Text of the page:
This study was designed to enhance our understanding of the online management of writing processes by two groups of writers with a different level of expertise, and to explore the impact of this online management on text quality. To this aim, fifth graders (mean age 10.5 years) and undergraduate students (mean age 22.6 years) were asked to compose a narrative from a visual source of images, while their handwriting activity and eye movements were recorded by means of Eye & Pen software and a digitizing tablet. Results showed that fifth graders and undergraduate students used different strategies to engage in high-level source-based text elaboration processes throughout their writing. The main differences concerned the density of source consultation during prewriting, on the one hand, and during pauses, on the other hand. Relationships between these characteristics of online management and text quality were minimal in fifth graders, while in undergraduate students they were more substantial as in the case of syntactic complexity. These findings suggest that with age, the online management of writing becomes more closely related to text quality. In line with a capacity view of writing, it is also concluded that the online management of writing processes of fifth graders is highly constrained by a lack of fluent text production skills which ultimately affects their text quality.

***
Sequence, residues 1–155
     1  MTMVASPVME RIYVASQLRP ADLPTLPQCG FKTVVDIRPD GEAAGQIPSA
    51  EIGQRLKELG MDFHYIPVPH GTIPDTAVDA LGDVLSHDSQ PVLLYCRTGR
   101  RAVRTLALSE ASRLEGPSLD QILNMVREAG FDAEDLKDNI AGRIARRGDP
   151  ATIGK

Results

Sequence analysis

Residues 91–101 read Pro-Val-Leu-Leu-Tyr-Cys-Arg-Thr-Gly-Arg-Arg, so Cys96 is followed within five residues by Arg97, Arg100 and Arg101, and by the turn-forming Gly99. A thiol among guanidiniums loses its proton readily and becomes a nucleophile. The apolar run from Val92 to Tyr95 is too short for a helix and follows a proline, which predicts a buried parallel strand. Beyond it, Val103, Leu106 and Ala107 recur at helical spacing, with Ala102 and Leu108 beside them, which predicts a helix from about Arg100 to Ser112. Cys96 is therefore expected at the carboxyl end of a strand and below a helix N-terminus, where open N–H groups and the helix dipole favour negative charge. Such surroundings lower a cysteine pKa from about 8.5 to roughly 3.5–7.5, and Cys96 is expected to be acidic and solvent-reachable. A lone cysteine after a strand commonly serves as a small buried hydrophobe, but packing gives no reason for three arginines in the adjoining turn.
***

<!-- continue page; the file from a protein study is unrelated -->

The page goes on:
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This research was funded by and conducted at the Behavioural Science Institute, Radboud University Nijmegen, the Netherlands.
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All procedures performed in studies involving human participants were in accordance with the ethical standards of the institutional and/or national research committee and with the 1964 Helsinki declaration and its later amendments or comparable ethical standards.
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Drijbooms, E., Groen, M.A., Alamargot, D. et al. Online management of text production from pictures: a comparison between fifth graders and undergraduate students. Psychological Research 84, 2311–2324 (2020). https://doi.org/10.1007/s00426-019-01199-x